About this book
This thesis reveals how the feedback trap technique, developed to trap small objects for biophysical measurement, could be adapted for the quantitative study of the thermodynamic properties of small systems. The experiments in this thesis are related to Maxwell’s demon, a hypothetical intelligent, “neat fingered” being that uses information to extract work from heat, apparently creating a perpetual-motion machine.
The second law of thermodynamics should make that impossible, but how? That question has stymied physicists and provoked debate for a century and a half. The experiments in this thesis confirm a hypothesis proposed by Rolf Landauer over fifty years ago: that Maxwell’s demon would need to erase information, and that erasing information—resetting the measuring device to a standard starting state—requires dissipating as much energy as is gained.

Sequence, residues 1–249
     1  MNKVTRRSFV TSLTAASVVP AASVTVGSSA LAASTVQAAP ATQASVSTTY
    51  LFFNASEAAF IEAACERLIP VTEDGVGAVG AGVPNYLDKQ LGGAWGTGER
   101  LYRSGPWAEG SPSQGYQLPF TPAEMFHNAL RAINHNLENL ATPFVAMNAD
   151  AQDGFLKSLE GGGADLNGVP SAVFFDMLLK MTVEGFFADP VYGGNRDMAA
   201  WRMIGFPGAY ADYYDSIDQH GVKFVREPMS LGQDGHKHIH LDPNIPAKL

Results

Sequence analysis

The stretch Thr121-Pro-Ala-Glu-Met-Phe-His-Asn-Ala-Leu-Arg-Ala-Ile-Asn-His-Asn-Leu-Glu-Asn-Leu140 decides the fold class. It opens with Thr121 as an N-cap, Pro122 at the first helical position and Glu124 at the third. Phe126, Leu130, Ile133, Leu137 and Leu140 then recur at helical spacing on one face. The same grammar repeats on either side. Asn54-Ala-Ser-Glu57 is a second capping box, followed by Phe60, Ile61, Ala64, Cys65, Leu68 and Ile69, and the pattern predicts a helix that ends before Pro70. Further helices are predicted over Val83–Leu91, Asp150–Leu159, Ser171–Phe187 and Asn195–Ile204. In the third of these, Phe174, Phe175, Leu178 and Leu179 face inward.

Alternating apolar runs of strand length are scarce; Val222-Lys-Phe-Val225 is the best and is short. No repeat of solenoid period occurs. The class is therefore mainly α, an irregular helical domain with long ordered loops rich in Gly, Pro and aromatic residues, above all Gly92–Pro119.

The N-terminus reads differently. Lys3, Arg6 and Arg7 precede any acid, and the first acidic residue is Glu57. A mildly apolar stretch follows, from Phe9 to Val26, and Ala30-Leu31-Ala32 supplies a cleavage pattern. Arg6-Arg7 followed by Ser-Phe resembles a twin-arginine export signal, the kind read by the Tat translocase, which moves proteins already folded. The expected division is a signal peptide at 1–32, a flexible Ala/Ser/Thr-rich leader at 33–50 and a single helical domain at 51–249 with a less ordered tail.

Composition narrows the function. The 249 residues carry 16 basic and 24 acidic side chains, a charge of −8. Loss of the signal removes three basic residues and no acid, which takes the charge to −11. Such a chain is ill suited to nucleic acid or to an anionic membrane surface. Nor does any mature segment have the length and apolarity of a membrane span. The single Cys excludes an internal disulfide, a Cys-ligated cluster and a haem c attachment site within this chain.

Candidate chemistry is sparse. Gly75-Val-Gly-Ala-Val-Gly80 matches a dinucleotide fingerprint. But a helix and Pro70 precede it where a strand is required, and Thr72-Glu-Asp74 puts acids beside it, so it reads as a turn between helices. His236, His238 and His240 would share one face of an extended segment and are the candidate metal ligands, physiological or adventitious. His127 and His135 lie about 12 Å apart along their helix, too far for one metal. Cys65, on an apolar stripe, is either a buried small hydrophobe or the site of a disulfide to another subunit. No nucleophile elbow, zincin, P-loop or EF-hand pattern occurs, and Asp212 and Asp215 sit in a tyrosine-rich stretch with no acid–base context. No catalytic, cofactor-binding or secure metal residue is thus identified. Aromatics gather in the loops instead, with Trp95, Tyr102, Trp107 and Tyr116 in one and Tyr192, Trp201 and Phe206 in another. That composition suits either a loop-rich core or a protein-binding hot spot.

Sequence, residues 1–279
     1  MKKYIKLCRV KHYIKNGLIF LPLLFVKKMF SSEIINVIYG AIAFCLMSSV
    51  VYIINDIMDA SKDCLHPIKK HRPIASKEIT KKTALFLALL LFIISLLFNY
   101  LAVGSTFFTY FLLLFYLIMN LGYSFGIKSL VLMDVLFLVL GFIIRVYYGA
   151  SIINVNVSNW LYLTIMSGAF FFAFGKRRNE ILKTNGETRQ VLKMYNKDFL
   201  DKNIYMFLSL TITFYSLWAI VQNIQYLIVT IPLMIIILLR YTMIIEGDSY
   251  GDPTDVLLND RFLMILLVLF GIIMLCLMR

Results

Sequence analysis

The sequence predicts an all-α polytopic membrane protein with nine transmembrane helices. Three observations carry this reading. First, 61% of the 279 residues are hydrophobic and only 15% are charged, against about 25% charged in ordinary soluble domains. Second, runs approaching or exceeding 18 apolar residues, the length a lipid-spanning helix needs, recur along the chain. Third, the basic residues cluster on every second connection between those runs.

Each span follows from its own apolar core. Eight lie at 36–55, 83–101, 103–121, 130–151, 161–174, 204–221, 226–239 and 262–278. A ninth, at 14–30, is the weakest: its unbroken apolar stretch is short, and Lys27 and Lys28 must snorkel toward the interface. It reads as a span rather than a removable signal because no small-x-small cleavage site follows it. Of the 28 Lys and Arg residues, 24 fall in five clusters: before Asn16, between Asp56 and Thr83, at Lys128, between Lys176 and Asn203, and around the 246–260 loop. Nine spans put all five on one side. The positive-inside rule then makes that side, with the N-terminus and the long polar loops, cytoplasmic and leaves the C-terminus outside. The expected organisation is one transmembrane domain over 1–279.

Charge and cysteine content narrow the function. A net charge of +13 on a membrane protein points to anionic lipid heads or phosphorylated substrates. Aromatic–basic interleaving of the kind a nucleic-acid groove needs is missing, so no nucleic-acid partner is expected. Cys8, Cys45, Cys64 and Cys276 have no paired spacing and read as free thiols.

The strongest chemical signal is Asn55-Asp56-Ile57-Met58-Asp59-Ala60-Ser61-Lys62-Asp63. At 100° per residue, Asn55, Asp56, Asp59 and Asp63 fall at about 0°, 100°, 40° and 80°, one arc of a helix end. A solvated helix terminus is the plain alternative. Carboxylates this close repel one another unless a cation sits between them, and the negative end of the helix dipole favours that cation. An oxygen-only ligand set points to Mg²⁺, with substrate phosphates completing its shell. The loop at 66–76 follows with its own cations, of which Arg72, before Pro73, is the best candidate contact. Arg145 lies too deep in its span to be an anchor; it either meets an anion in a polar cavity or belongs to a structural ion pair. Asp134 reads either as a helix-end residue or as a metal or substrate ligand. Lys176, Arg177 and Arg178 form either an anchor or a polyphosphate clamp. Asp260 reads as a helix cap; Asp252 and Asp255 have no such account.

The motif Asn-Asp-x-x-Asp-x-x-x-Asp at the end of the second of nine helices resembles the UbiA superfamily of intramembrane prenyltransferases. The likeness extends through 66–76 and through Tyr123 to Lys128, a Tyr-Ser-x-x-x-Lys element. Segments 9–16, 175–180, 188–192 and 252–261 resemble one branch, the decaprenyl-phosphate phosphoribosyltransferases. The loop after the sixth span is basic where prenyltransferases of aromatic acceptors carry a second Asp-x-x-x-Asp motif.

For his thesis work, the author used a “feedback trap” to study the motion of colloidal particles in “virtual potentials” that may be manipulated arbitrarily. The feedback trap confines a freely diffusing particle in liquid by periodically measuring its position and applying an electric field to move it back to the origin.
- DOI https://doi.org/10.1007/978-3-319-63694-8
- Copyright Information Springer International Publishing AG 2017
- Publisher Name Springer, Cham
- eBook Packages Physics and Astronomy Physics and Astronomy (R0)
- Print ISBN 978-3-319-63693-1
- Online ISBN 978-3-319-63694-8
- Series Print ISSN 2190-5053
- Series Online ISSN 2190-5061
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